One of the less commonly talked about aspects of mental illness is maintaining personal hygiene—more specifically, the inability to do so. This topic can be embarrassing for many people which is what contributes to...
The New Year is upon us, which means that many people have started working towards achieving their new goals for 2022. New Year’s resolutions are so often focused on “wellness,” with constant messaging about weight loss programs, exercise regimens, and fad diets taking over social media. It’s easy to get wrapped up in unhealthy diet culture. With all the diet talk during this time of the year, many people struggle with body image. If you find yourself struggling with your body image a bit more than usual lately, know that you are not alone. Here are some tips that can help you navigate negative body image and survive the onslaught of diet culture that comes with the start of every new year.
Sometimes, we need a physical, tangible option to help us accomplish our goals and put the things that we want to work on into words instead of having them just floating around our heads. One way to visually organize our minds is through checklists. You may associate checklists with to-do lists and things that you want to accomplish, but they can also be used as a tool to see your progress about something or help you understand how you’re feeling.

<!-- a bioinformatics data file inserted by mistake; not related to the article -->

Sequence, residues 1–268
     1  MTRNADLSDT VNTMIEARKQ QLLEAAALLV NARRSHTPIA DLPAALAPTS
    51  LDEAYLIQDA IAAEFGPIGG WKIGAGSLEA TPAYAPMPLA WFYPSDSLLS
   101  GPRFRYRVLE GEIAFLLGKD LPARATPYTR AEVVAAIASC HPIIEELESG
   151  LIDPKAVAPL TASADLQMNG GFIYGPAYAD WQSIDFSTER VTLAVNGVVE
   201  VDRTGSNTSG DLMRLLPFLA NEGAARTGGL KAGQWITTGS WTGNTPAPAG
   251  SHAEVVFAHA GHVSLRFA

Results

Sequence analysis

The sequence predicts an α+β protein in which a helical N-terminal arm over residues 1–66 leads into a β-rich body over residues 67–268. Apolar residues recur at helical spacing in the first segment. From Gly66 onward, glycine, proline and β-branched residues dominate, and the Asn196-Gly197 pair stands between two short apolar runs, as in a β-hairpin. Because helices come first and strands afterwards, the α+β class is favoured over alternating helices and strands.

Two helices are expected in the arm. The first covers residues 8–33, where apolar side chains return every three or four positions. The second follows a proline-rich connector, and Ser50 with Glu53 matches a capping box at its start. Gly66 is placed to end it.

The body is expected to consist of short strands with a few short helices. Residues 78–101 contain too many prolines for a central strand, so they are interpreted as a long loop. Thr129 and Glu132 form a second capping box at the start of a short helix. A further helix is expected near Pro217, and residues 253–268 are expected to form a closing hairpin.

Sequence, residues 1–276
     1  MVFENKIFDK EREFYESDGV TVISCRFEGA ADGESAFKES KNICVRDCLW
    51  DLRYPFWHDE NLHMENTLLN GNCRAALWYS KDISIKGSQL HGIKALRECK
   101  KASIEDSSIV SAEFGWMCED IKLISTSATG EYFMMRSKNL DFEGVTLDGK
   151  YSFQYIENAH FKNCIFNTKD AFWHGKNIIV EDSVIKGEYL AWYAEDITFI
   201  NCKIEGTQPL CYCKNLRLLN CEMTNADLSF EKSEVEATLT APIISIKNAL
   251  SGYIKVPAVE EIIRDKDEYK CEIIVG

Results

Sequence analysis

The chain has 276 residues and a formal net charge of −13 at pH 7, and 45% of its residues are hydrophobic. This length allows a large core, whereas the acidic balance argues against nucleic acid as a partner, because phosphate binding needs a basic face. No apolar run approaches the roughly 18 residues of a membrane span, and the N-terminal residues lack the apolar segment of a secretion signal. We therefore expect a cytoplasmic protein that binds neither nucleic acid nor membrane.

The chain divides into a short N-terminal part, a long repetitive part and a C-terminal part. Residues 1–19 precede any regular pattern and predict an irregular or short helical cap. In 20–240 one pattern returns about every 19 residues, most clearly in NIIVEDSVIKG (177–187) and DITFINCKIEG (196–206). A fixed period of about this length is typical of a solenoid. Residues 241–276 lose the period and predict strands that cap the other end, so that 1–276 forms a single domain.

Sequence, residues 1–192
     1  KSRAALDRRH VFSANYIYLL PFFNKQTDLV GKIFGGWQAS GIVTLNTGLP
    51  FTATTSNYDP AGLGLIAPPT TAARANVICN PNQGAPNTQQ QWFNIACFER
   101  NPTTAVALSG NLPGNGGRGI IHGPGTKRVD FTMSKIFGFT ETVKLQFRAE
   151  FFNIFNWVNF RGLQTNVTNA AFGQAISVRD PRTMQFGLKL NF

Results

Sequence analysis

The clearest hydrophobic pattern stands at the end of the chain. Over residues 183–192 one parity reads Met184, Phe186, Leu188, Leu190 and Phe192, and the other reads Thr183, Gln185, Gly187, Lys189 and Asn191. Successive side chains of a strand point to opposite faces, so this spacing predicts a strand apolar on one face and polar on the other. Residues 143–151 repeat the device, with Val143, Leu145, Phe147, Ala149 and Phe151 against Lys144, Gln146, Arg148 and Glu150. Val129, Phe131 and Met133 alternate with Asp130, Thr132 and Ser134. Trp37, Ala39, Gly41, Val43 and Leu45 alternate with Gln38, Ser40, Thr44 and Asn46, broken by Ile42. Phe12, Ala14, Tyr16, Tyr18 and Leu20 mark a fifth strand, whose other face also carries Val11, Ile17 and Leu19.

Given the past year and the ongoing conversations about how important self-care is, you might be considering more ways to explore and include coping mechanisms that really help you. This can be the predictable ones like exercising more, incorporating more meditation practices, and journaling and writing things down, and you may have added a bunch of relevant items in your online shopping carts to help support these goals.
I have always struggled with health and wellness, from now to even as a little kid. I have tried every diet in the book, every workout, every tip, you name it; but still, nothing works. I notice that I do have discipline in other aspects of my life such as personal finance to save money, but lack that discipline when it comes to my personal health.
One of the less commonly talked about aspects of mental illness is maintaining personal hygiene—more specifically, the inability to do so.
A few months ago, my anxiety was at a peak. I was dealing with stress and dissatisfaction at my job and was stressing over money after having just moved. I’ve been a regular yoga practitioner for years, but never got much out of the meditation side of it. But I needed something to calm me down.